I posted a request on staircase_wit's journal not so long ago, asking for his autistic spectrum friends to tell me what I, as a doctor, should be doing to make an autistic patient feel as comfortable as possible. I believe, firmly, that communication is the absolute key to healing, and that without it my purpose as a doctor is empty. And comfort is the gateway to trust, which is key to communication.
I'm going to expand it now: I'm asking you, O Best Beloved, and any of your friends who might happen to want to tag along for the ride:
Imagine, for a moment, that it is four years from now and I am practising medicine with my unrestricted license. You are my patient. What should I, as a doctor, be doing to make you want to come back both when you are not feeling well and to maintain your health?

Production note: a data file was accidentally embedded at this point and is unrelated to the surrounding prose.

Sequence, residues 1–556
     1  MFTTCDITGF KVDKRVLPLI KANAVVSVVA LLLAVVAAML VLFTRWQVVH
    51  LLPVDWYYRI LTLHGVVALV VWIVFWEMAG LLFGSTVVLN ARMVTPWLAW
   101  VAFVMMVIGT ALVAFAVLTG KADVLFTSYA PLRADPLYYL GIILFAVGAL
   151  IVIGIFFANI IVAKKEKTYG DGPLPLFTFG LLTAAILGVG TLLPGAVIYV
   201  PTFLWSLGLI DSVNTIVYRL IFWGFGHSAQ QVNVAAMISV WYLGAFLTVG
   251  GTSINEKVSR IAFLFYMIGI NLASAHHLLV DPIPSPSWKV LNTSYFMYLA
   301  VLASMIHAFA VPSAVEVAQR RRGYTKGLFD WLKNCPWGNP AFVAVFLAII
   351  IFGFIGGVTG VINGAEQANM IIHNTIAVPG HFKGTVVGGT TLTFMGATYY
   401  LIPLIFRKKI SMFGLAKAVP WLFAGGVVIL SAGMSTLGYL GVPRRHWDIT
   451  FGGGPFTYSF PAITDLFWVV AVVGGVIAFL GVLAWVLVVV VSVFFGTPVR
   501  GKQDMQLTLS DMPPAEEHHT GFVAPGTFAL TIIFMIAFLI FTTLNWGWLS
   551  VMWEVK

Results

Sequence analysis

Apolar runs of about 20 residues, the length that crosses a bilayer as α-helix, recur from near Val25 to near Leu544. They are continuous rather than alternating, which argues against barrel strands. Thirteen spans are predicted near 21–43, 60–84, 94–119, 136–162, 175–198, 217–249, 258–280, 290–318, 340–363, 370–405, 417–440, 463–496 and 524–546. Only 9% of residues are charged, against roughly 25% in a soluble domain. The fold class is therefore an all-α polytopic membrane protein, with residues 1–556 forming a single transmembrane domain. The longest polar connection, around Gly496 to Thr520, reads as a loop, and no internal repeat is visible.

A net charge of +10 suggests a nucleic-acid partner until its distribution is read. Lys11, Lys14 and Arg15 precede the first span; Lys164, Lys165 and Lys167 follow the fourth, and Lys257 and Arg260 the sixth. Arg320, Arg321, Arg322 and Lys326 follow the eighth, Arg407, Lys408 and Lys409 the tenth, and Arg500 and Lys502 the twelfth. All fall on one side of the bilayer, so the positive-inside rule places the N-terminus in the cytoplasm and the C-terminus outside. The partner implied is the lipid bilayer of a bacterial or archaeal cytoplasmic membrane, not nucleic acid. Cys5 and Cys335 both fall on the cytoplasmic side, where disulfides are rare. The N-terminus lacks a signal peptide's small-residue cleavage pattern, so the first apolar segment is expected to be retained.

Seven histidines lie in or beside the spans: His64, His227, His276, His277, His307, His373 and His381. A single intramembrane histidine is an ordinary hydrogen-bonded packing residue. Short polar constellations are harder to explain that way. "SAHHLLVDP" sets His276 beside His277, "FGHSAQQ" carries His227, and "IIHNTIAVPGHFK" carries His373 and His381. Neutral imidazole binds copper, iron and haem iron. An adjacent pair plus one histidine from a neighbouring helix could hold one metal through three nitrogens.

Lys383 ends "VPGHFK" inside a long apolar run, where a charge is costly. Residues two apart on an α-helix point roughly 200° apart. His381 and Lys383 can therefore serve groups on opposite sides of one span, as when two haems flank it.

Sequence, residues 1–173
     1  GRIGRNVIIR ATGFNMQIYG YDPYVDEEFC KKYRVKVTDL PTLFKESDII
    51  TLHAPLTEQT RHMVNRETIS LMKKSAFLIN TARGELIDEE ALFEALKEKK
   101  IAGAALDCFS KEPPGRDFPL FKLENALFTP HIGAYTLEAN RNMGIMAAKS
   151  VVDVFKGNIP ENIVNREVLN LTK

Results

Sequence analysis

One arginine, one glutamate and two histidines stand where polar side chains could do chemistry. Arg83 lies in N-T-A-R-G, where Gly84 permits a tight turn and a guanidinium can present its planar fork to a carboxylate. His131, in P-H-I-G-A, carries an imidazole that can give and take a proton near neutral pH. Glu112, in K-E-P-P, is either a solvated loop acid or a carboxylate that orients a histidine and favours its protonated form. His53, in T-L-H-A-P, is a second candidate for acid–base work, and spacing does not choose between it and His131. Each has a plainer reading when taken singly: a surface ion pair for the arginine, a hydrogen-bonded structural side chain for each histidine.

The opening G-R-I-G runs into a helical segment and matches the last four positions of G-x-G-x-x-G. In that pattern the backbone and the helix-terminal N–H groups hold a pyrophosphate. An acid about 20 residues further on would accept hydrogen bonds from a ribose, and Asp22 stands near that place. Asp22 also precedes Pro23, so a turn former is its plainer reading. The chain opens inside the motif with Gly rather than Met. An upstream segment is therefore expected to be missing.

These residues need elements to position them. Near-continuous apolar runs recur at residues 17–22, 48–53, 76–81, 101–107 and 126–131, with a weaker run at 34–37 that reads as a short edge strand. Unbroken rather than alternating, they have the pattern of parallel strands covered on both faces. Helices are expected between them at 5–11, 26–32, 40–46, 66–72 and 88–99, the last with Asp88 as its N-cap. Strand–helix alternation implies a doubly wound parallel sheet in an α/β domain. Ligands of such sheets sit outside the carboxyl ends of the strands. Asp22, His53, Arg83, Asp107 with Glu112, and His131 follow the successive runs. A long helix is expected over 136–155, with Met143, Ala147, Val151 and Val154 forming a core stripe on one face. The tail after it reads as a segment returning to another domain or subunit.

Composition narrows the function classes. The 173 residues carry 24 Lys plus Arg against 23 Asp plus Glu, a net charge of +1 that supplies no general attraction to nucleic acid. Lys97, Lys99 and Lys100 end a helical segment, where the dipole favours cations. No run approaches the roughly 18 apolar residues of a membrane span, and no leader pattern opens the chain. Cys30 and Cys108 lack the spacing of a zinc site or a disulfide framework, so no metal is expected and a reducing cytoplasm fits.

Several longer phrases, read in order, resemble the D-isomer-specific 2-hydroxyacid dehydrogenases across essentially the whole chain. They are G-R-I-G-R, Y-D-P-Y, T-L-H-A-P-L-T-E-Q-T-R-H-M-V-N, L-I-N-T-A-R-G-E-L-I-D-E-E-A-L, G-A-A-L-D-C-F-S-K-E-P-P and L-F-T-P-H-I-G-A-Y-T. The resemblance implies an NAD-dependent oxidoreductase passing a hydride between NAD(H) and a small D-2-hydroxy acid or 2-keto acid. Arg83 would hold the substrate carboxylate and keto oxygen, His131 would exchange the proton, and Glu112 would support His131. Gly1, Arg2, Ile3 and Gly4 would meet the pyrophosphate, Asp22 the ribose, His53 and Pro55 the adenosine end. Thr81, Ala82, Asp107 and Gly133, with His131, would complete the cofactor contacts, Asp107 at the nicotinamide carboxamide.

You may look at this situation in several ways. I'm looking for the experiences you've had - the bad and the good - the things that doctors have done to you that you could not stand or absolutely loved. I'm looking for the things you wish doctors would do and the things you hope you will never see. I'm looking for anecdotes, stories, things that are possible in this age of HMO's and managed care and things that you don't think are possible. Spread it out - ask your friends.
How else am I going to learn what people really think?
And now I go to study neurology.
[Edit: I don't care if you all say the same thing, I want to hear what everyone has to say :) ]